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Theatre Review: Jesus Christ Superstar ****

Michael Cox reviews the latest tour of the musical theatre classic.

What is the appeal of Jesus Christ Superstar? Originally a concept album, it has become a musical behemoth with countless stagings from around the world responsible for keeping it popular and constantly revisited.

For those who aren’t familiar, Superstar is a (mostly) Rock retelling of the last seven days of Jesus’ life, though much of it is told from the viewpoints of Judas and Mary Magdalene. It was the musical that launched the careers of Andrew Lloyd Webber (music) and Tim Rice (lyrics), and it remains one of the best works either have created: catchy variable tunes and clever lyrics with wit and depth make it a richer piece than it first appears.

Director Timothy Sheader’s staging heavily leans into the musical’s rock roots. The cast sing into handheld microphones and don costumes that would sometimes fit within a ‘Glam Rock’ concert. The design is also more in line with a concert than a musical staging, with lighting equipment, speakers and scaffolding. Only a large crucifix that lies on stage throughout hints at this being a show that usually sits on West End and Broadway stages.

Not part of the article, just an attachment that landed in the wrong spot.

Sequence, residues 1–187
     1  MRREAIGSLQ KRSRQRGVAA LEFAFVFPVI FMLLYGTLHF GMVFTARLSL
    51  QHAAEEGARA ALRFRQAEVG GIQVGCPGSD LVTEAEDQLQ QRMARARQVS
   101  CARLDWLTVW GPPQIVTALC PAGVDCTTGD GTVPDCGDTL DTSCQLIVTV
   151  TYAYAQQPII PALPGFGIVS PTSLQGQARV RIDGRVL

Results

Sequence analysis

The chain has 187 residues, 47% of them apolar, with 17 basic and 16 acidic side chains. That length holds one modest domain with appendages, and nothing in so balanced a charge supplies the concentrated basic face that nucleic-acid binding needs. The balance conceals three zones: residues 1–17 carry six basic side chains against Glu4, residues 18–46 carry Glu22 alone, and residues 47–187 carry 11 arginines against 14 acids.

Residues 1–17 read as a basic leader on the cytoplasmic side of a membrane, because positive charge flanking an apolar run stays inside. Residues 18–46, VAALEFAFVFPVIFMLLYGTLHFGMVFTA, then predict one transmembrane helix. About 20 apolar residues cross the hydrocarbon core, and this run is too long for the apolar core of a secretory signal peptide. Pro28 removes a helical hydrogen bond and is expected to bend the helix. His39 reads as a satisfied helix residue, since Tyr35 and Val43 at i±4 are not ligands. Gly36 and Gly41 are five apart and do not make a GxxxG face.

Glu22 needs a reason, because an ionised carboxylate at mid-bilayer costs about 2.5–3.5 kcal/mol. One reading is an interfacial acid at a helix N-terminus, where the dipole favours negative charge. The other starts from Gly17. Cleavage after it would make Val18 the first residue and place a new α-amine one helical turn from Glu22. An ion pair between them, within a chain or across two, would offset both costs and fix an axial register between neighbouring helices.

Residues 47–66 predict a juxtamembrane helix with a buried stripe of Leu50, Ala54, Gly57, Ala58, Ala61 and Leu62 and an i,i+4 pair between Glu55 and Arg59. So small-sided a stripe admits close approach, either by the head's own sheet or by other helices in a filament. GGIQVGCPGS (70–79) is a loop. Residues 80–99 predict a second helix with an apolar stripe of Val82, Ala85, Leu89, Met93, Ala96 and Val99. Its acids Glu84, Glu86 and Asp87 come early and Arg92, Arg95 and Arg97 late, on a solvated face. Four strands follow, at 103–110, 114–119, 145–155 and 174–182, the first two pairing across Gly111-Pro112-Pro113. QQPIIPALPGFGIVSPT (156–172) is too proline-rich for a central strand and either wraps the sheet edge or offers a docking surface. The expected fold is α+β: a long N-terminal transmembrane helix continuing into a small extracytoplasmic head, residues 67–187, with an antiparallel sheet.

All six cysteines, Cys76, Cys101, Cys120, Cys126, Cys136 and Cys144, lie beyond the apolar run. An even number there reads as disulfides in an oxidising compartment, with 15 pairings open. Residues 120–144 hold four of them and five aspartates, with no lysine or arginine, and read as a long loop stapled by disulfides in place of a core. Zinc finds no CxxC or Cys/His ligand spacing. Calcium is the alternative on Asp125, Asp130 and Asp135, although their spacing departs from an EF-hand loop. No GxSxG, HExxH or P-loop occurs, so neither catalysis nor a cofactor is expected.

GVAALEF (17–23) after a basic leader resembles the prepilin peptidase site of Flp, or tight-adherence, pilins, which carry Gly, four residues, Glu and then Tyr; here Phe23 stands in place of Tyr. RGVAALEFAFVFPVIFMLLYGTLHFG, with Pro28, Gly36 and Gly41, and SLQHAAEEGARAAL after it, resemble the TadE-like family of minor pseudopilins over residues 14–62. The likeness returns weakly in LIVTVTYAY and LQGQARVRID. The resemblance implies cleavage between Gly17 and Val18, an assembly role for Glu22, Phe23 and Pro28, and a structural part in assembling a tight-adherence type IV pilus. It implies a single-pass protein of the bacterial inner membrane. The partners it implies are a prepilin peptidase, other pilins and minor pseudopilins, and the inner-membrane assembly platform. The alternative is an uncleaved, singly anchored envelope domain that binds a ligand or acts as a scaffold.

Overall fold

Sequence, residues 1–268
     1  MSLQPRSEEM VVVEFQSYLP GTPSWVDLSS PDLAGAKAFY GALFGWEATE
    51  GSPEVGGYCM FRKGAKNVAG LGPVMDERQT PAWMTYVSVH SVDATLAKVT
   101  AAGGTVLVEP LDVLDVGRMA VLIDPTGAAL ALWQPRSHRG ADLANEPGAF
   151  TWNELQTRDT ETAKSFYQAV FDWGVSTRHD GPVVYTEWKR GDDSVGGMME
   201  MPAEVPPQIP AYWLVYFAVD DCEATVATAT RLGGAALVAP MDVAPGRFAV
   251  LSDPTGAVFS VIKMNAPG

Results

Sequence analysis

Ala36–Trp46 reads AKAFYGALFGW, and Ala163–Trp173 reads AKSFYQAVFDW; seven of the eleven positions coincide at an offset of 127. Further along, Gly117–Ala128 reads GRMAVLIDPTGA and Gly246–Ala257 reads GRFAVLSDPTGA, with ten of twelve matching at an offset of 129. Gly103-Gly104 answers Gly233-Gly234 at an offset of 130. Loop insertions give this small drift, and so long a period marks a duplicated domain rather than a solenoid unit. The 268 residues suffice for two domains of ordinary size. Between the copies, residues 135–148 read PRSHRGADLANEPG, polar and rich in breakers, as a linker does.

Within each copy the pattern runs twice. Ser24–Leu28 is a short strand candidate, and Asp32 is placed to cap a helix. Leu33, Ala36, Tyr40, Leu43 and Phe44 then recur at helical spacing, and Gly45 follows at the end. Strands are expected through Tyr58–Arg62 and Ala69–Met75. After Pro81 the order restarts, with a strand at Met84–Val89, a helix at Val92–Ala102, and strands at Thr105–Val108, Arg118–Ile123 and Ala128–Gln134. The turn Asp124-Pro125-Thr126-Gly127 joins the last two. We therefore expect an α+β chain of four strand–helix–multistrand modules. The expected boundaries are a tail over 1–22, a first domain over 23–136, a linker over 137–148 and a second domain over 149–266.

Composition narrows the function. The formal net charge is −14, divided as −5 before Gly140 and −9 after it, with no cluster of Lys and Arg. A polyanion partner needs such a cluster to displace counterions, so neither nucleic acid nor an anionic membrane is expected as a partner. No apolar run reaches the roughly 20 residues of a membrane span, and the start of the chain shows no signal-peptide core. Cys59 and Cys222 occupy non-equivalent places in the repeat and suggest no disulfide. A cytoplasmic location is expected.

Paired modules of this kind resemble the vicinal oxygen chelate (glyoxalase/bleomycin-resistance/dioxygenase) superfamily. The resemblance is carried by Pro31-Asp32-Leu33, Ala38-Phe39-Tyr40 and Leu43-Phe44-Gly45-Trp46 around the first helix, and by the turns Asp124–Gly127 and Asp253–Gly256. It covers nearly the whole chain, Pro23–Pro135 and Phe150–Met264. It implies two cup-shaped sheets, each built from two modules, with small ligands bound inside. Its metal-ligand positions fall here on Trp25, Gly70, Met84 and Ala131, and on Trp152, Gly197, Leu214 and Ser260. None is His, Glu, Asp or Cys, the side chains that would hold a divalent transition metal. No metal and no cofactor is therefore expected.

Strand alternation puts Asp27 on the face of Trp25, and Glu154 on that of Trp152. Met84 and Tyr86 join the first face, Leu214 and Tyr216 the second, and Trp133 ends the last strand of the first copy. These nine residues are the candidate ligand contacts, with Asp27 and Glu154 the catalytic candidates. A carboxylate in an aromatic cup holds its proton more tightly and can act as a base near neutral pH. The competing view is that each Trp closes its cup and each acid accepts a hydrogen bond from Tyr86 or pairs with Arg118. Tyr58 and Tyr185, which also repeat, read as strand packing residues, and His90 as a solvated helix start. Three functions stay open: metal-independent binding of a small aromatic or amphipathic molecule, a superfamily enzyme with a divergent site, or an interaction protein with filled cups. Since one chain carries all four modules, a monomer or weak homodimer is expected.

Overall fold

Ian McIntosh’s excellent performance as Jesus is a modern incarnation—short hair and dressed in a hoodie, he exudes magnetic charm yet is usually calm in his demeanour: he’d fit right in with a Just Stop Oil or anti-Brexit protest. Shem Omari James’ Judas is equally interesting: usually in the shadows, wresting with the dilemma of betrayal. His voice sometimes pops, but he does well in some of the musical’s most difficult moments. Hannah Richardson and Ryan O’Donnell turn in two of the best performances as Mary and Pilate, each nailing some of the musical’s strongest moments. Drew McOnie’s choreography relies more on staccato movement and street dance, giving the production’s excellent ensemble a raw energy that is compelling and sometimes feels more like an act of musical protest than traditional dance.

However, it isn’t perfect. This was seen at Glasgow’s Kings Theatre, and some of the action is only viewable from the extreme sides of the audience due to the staging being wider than the stage itself—this will not be an issue on larger stages within the tour (this assumably includes when the musical visits the Edinburgh Playhouse next year). While the concert staging mostly works, some of the emotional solos are hindered by actors holding guitars, making these moments more ‘gig like’ instead of scenes of emotional outpouring and robbing them of poignancy. There is also a star cameo with Julian Clary, who’s four-minute number as Herod isn’t the big showstopper other productions turned it into—this is little more than a slight comedic pause within an overall relentless performance.

Still, those who are fans of Superstar will find a lot to be happy with and impressed by, and those who haven’t seen it will see why this remains a gem within musical theatre’s canon.

Jesus Christ Superstar is at the Kings Theatre in Glasgow until October 21 before continuing its tour. For further details (and future Scottish appearances), check the tour’s website.

Tags: theatre

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